Bobby stayed where he was for minutes, not sure what to do, not sure there was anything to do. Finally he reached out and took Sam's shoulder, then finished the motion and gave him an awkward hug. Sam remained stiff, immobile, rocking slightly.

"I thought maybe," Sam said, his voice even raspier than before, "Maybe somehow he'd – gotten out of it…"

"I need to get home," Bobby said, carefully. "Come back with me, boy. Sam. Stay with me a little while. Long as you want. Long as you need."

It took several too long seconds, but Sam nodded, and he walked under his own power to the car, but Bobby could see the slump to his shoulders, the way all the little bit of structure had gone out, and it just –

No more deals, Bobby thought, but he wondered if Sam wouldn't find a way to curl up and die anyway.

He'd just have to do his best to get him through this, if there was a through; another side to reach. He wasn't sure there would be.


Bobby kept an eye on him. Sam wasn't sure where Bobby thought he would go.

He didn't know where to even start looking for Lilith. Didn't have the energy to do more than sleep most days, or wander around Bobby's property and his head looking for memories. Sooner or later, something would work out. Either he would wear out and die or-

Or he'd find a way to go hunting and die that way.

Almost all the memories were clouded and indistinct now. He wasn't even sure he could rely on the fragments he had. He kept them anyway, shuffled through them like a well-worn deck of cards, ever shrinking.

Time flowed strangely. Some days raced by and others dragged, slow and sluggish with hours of weariness and sitting down, sinking into his own head. Lonely and tired and heartsick.

Nothing left.

Bobby gave him things to do, apparently hoping they would help. It did, a little – at least the physical labor let him sleep properly, let him rest through the whole night without interruption, and that was a little bit of a blessing, even if it never lifted the exhaustion flowing through his whole body.

Like blood (had Dean bled? Had he screamed and suffered? Hellhounds probably weren't gentle) and don't think, don't think.

Sammy you always think too much.

Bobby's property was warded against demons, but Sam wondered if any of them would come anyway. Track down their Boy King. He would take their Boy King and shove it down their throats-

If he had anything left by then. If they didn't carve him into pieces first, if he didn't let his head fall back and leave vulnerable throat bare. Funny, Sam thought, that he didn't realize how much of him was Dean until it was gone.



He was losing Sam.

He didn't want to admit it. God knew he didn't want to admit it, but he'd been losing Sam for three months and it wasn't getting any better. A little more each day, slowly whittling the youngest Winchester down to nothing, and he didn't even seem aware of it.

His raspy breathing had turned into a full on cough around midsummer, and it wasn't going away. Every time he coughed Sam seemed to struggle to breathe, but he wouldn't see a doctor, and Bobby could hardly drag him there, hardly make him take the antibiotics.

He was just drifting. Aimless, disinterested.

Bobby didn't know how much longer this could go on. How long Sam could keep dragging on before something gave and he was gone further away than just his own head. It wasn't, at least he didn't think, that Sam was intending to kill himself. It was just that everything had fallen by the wayside, nothing important anymore.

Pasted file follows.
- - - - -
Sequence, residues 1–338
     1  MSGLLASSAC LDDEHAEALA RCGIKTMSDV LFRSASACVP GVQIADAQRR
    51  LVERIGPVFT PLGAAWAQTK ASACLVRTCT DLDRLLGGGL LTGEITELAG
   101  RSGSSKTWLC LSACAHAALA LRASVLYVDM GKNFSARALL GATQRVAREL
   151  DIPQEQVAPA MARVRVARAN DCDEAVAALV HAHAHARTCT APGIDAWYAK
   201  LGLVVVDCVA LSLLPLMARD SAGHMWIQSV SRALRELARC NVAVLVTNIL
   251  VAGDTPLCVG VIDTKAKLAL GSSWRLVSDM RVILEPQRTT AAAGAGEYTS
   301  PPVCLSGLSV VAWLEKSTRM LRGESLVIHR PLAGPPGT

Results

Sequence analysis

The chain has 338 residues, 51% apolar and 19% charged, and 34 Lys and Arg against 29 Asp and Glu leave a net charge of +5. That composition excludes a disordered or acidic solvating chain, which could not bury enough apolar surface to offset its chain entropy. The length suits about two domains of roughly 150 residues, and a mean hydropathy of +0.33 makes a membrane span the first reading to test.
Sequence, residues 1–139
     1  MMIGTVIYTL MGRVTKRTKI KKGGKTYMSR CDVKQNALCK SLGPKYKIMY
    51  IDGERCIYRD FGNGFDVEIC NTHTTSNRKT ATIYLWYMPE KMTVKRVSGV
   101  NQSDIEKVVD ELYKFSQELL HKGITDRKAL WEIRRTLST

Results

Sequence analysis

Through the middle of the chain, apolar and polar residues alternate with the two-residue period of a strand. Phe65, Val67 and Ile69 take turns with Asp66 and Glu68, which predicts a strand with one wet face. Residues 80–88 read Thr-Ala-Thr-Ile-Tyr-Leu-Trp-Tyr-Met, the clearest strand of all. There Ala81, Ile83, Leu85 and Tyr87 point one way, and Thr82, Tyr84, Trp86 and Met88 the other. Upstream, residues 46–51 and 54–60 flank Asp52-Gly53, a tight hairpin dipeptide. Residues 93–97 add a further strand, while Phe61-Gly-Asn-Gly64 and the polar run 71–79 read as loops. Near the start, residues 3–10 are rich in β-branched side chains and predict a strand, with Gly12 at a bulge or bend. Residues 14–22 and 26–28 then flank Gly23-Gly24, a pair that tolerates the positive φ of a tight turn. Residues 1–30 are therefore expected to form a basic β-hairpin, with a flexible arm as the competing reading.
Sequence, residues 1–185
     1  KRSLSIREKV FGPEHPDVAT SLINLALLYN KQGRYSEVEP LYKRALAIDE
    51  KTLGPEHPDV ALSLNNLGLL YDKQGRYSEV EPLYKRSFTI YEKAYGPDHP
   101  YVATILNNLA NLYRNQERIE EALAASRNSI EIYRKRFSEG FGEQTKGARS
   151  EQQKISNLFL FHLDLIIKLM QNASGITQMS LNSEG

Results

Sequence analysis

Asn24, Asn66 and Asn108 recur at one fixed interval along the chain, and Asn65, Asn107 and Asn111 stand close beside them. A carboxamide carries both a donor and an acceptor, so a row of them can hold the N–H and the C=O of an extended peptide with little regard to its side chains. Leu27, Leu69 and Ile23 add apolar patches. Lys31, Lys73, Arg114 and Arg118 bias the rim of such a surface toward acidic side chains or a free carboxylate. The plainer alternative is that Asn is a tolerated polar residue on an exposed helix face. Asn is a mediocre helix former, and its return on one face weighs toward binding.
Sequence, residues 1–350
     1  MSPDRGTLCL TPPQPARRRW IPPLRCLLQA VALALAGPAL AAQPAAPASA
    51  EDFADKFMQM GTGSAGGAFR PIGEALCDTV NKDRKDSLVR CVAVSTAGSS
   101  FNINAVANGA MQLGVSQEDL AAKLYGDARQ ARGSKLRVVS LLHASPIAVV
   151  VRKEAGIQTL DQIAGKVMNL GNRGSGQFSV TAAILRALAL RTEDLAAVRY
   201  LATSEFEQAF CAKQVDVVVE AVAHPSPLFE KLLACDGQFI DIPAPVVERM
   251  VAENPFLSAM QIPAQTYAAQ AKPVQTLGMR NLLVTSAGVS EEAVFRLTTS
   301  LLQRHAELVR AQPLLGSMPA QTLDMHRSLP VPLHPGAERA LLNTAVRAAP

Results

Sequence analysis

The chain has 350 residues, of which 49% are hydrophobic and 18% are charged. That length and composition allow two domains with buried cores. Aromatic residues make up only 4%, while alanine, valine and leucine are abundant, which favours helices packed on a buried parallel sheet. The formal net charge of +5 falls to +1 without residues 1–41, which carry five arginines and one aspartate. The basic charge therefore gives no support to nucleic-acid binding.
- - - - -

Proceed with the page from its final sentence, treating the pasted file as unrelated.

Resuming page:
And he looked so goddamn tired, so goddamn lost.

He was curled up asleep, upstairs right now, clutching the blankets like some kind of lifeline, sleeping like a child (or a broken man).

Bobby saw the dust cloud before he saw the car, and sat up, stiffened. He reached past the books for the sawed-off shotgun and moved quietly toward the door, waited, looking through the window.

When he saw who got out, his heart almost stopped.


Quiet voices pulled him out of restless sleep. "Least he's here," a familiar voice was saying, and it sounded uneven and rough. Not awake, then. He closed his eyes to listen.

"Just – be ready," said – Bobby, that was Bobby, and the door opened. Sam didn't turn, didn't stir, but he heard the intake of breath and then the soft sound of feet, waited, trying to understand what this memory he'd never seen before was.

"Sammy," said the voice, "Hey, lookit me-" It was the smell, though, that got him to open his eyes. The smell that had been one of the last things to fade, and came back as it filled his nose again, and Sam forced his eyes open and found his brother's face.

Dean's eyes were owlishly wide and he looked dirty – filthy. Something flickered in his face. "Hey," he said, voice still raspy like he hadn't drunk water for years. "What d'you think you're doing sleeping through my resurrection?"

His ears were ringing and he suddenly felt fragile, like falling apart. Like everything was tumbling down around him, and it didn't matter if it was a shifter or a ghost or a demon or anything-

He flung his arms around his (its) shoulders and hung on, feeling himself shake, and waited until one warm (living) hand settled on his back and a voice in his ear rasped it's okay, Sammy, before he let go and crumbled the rest of the way.


Dean stared at him, looking stunned and shell-shocked, and Sam's face was buried in Dean's shoulder, his brother's arms circling his too thin frame. Sam looked like he was going to shake himself apart, was coughing muffledly, and Dean's eyes asked what do I do?

Watching them, Bobby replied to the unasked question aloud. "You already know," he said, and retreated downstairs to get a blanket for both of them.

When he got back up, they were both asleep on the one bed, all tangled together like they couldn't get too close. Maybe they couldn't.

Bobby eased the blanket over them, and it was Sam who opened his bleary, too bright eyes and mouthed thank you, thank you.

He looked alive.